Another Dreamforce is over for 2017. Overall this year was a more successful event than 2016 from my perspective. Salesforce was less about big product announcements and more about improving existing capabilities and increasing the ease of customer deployment, training and engagement through the democratisation of Salesforce.
Winners within Salesforce
Overall Salesforce came out of the event with definite and measurable progress across a range of metrics. The entire event reflects the culture of Salesforce and the genuine focus on diversity and inclusion. There were more Female, African American presenters on stage than I have ever seen. In all likelihood, there were more on stage presenting and facilitating this year than I have seen in such a forum across my entire career. It reflects positively on Salesforce and that inclusion is real and merit focused.
Product wise, there were several winners within Salesforce. The overall theme of the event was personalisation and democratisation of Salesforce. That was made clear. It is more than just putting “My” in front of every offering. Trailhead has accelerated in both functionality and importance.
Overall the most prominent growth has been with Einstein the AI tool for Salesforce. I had a degree of cynicism on the reality of Einstein prior to the event. When it was launched at Dreamforce in 2016, I took the view that it would, like Analytics and IOT announcements in events prior, be all talk and a long way from maturity. Both those offerings had struggled to find their footing and functionality.
The opposite has happened. It has progressed quickly, and from a use case perspective, is clearly dragging IOT and Analytics along with it. The customer service and support functionality for clients comes to the fore with the combination of Einstein and IOT and an alignment with Service Cloud. Thi highlights what Salesforce has to do to become a $20B company. Instead of selling products, it needs to sell integrated solutions that are implemented easily by partners. Einstein can drive this.
From an external vendor point of view, IBM was the winner. The connection of Einstein to Watson has been smart for both parties. The acquisition of Bluewolf has provided strong momentum for Salesforce within IBM. Prior to the acquisition, IBM was out in the cold in terms of Salesforce with no relationship at all. Now the relationship is positive from a functional and revenue perspective from the respective CEO’s mutual warmth, down through the depths of each organisation. It is the most rapid and successful new partnership offering that I have experienced from IBM in the 17 years that I have been an analyst. It proves IBM can change and evolve.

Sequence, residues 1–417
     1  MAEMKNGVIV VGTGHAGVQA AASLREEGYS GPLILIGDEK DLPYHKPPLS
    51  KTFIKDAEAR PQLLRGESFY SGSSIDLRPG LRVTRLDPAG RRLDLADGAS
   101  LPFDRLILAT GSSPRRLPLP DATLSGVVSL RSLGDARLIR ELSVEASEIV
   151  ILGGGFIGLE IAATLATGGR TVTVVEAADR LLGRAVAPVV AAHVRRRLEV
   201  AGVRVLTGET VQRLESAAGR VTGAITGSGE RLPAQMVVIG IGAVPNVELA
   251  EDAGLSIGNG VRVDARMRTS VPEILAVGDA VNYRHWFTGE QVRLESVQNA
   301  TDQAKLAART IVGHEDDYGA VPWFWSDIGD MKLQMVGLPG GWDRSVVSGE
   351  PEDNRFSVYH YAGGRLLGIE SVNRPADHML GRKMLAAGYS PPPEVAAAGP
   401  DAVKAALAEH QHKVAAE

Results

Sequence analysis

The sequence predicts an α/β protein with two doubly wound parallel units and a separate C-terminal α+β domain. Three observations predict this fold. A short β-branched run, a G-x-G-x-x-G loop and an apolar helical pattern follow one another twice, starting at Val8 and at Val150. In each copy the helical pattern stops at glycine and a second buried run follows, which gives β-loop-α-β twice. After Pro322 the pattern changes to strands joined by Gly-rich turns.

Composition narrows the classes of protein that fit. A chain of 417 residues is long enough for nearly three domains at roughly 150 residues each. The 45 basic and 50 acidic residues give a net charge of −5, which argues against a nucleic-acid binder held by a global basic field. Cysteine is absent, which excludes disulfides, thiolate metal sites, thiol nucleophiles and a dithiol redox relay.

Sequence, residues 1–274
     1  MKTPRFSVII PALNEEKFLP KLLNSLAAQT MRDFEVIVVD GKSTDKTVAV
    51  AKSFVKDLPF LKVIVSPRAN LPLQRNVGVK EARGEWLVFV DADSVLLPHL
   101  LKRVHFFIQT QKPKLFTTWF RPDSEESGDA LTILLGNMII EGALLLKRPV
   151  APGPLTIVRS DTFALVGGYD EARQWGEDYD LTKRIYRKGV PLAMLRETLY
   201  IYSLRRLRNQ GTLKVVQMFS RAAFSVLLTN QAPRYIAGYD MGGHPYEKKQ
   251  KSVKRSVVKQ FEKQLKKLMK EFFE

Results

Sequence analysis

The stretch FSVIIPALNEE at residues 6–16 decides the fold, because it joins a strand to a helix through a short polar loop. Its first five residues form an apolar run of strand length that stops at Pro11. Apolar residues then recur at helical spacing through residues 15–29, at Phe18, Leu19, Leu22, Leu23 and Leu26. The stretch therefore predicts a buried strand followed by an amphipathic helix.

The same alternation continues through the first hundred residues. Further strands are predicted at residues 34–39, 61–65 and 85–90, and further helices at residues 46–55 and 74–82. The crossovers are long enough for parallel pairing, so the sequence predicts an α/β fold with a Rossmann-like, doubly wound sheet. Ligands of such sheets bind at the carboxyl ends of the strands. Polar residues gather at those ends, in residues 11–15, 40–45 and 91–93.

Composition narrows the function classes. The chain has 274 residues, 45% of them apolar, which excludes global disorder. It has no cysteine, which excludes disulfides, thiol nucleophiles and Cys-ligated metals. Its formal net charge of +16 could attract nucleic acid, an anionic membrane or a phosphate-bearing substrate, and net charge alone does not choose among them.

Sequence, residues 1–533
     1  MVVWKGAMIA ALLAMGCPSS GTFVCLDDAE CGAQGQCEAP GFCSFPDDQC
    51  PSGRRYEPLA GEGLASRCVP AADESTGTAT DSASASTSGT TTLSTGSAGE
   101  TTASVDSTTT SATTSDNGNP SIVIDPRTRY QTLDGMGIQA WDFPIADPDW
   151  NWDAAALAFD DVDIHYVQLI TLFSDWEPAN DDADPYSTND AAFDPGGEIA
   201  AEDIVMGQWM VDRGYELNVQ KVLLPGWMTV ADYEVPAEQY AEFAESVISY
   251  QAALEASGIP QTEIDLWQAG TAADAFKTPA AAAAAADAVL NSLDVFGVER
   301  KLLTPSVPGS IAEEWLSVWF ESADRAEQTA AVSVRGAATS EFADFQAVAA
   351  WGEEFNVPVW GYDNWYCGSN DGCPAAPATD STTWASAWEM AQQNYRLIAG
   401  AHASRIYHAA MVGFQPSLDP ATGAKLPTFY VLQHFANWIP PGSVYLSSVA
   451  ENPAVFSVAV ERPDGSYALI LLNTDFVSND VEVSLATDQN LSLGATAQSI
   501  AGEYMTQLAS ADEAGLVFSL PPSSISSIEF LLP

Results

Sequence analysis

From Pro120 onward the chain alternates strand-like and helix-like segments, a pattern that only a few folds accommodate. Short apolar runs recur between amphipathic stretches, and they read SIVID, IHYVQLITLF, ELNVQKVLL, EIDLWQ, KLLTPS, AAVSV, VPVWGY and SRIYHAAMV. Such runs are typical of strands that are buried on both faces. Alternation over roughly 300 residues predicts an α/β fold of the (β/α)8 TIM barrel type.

Wipro Is another partner and integrator with a significantly improved salesforce functionality and positioning over the past 12 months, again driven by acquisition. The acquisition of Appirio is a year old. In this time Wipro has leapt from no depth of capability in the Salesforce ecosystem to being a clear and differentiated top 5 Salesforce integrator.
Wipro has been sensible and learnt from IBM and Accenture with their acquisitions. Like IBM it has kept the brand, albeit, capioIT believes that it will be folded in to Wipro in the next 12-24 months.
It has realised what it can achieve with acquisitions. It also provides a gap between it and the rest of the Indian providers. TCS in particular was notable for the lack of presence at Dreamforce. If TCS, as the self-appointed leader of the Indian Services firms, is serious about the next generation of services it has to be front and centre with the like of Salesforce, ServiceNow and of course AWS and Google. Right now it isn’t.
With the App Exchange and Salesforce Ventures, Salesforce has created several ISV partners that have grown progressively over the past several years. The likes of Apptus, Financial Force and Mapanything have gone from strength to strength. Now vendors such as Conga and Vlocity (Backed by Accenture and Salesforce) have also increased their presence and functionality in the Salesforce ecosystem.
Finally the tie up between Google Cloud and Salesforce is of note. I am generally lukewarm about such partnerships. Microsoft and Salesforce were all happy families two years ago, only for Microsoft to turn straight on at Salesforce revitalising Dynanics in the meantime. It gives access to Google Cloud locations. It will help both firms in their goal to be genuinely global. Equally importantly, it gives Salesforce access to Google Docs customers. The impact on Google CRM favourite Prosperworks will be challenging for it to work through. Overall it is smart for both players, but as mentioned, with any partnership the proof is in the execution.
Another Dreamforce is behind us. Salesforce showed greater maturity this year than in the past from a product maturity perspective. It is walking its own talk. This augers well for the future. The ISV and Integrator ecosystem is prospering and investment is increasing in particularly outside of the US. This all needs to accelerate for Salesforce to double revenue and become a fully integrated customer experience, knowledge and outcome focused vendor.
If you require further information, please contact Phil Hassey, CEO of capioIT. capioIT is an advisory firm focused on helping organisations to understand emerging technology as the world becomes Digital. Phil may be contacted easily in the digital and real world.